The Friends of Capercaillie - made up of conservationists, landowners and anyone with an interest in capercaillie - works with private landowners, Scottish Government and financial supporters, to reverse the decline of capercaillie, undertaking both conservation and advisory work. It is led by the Earl of Lindsay and it seeks to highlight the plight of the capercaillie and to focus attention on its survival requirements.

Inshriach is managed by Forestry Commission Scotland, which works closely with RSPB and Rothiemurcus Estates to manage land in ways that will improve the habitat for capercaillie.

If you are interested in helping this work and joining the ‘Friends of Capercaillie' contact alison.connelly@rspb.org.uk for a joining form.

Read the comments about this article and leave your own comment

caper

i agree with susan, we are never given the true picture as to how these birds are surviving. having been to this area, i was told by very upset locals about the mass slaughter of the deer population that they have been used to seeing. and again, i doubt there will any wildcats/foxes/pine martens either. not a very level playing field ! why cant humans leave things be ? the wild kingdom should be a mixture not a habitat in isolation ? saw a caper scape once ! impressive, but would rather watch wildcats/pine martens !! down here in the south great bustards have been reintroduced to the detriment of other wildlife .why ? they vanished years ago due to persecution. let it go and live with the fact that humans are responsible for species loss.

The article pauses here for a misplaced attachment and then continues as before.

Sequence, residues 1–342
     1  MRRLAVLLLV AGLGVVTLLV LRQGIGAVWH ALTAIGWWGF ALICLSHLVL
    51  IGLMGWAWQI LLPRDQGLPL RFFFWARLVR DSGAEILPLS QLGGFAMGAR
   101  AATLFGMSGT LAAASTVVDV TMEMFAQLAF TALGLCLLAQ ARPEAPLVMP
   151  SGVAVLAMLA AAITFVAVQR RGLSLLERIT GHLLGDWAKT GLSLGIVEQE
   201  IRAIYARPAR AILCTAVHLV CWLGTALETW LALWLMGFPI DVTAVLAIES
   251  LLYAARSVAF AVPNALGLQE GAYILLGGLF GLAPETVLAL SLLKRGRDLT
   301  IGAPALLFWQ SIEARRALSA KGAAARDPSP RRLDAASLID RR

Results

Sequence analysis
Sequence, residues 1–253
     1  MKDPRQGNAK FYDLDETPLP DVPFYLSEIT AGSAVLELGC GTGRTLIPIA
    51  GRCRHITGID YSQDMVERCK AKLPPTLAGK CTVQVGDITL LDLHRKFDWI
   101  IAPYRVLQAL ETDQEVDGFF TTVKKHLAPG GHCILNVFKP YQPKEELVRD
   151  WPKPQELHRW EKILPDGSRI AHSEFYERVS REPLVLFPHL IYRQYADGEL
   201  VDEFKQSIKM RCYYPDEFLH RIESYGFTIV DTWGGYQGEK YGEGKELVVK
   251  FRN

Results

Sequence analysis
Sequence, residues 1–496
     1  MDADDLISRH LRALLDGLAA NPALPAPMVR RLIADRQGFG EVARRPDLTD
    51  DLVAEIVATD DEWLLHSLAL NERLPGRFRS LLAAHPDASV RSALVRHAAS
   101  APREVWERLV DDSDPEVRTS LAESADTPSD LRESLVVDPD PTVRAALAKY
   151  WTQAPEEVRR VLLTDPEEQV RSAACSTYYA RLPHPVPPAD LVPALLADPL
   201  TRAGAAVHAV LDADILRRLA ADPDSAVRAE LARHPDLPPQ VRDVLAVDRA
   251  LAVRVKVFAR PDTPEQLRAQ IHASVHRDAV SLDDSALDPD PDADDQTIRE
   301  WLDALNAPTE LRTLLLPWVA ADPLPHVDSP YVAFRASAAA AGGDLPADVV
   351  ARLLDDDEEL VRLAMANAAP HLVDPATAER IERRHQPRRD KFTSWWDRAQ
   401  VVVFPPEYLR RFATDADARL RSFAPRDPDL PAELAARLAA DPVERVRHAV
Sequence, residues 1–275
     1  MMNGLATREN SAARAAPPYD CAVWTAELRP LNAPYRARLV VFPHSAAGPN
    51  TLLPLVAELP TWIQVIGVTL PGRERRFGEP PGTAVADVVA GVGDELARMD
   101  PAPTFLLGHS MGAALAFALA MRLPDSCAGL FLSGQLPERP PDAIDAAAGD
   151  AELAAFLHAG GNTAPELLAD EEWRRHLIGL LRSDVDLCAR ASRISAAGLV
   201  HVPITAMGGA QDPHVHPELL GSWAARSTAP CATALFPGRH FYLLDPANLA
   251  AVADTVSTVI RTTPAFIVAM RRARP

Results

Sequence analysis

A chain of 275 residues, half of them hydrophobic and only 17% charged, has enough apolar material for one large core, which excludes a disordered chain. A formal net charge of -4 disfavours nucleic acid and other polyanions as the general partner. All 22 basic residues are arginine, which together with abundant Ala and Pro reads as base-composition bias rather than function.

Posted by: dee donworth | 03 Dec 2012 19:00:09

more info please

While the article is interesting it is a shame that the Glenfeshie estate and the FCS did not detail what they have done to improve numbers of Capercaillie and Black Grouse it is very vague on detail. The article mentions "extensive" deer reduction when deer in nature have always been the original natural woodland managers creating an open woodland habitat with lots of light to the forest floor and good sight lines for the evasion of predators - but of course inconvenient to agroforestry. In the past it would have been deer numbers that would determine the number of it's own natural predators not the other way around. Estates encourage high numbers of deer by supplementary feeding through the winter so there are plenty to shoot for revenue. The FC are well known for their eagerness at shooting deer.

I also suspect there will be high predator control on this estate which I understand Inshriach neighbours. Snaring is the most popular, easiest, effective and one of the least humane methods of control and if this is employed there is no way that wildcats, a game predator, could not be targeted. Keepers always deny catching wildcat of course as this is not PC. Is it possible to get a detailed outline of the plan.

Posted by: susan foster | 28 Nov 2012 22:35:15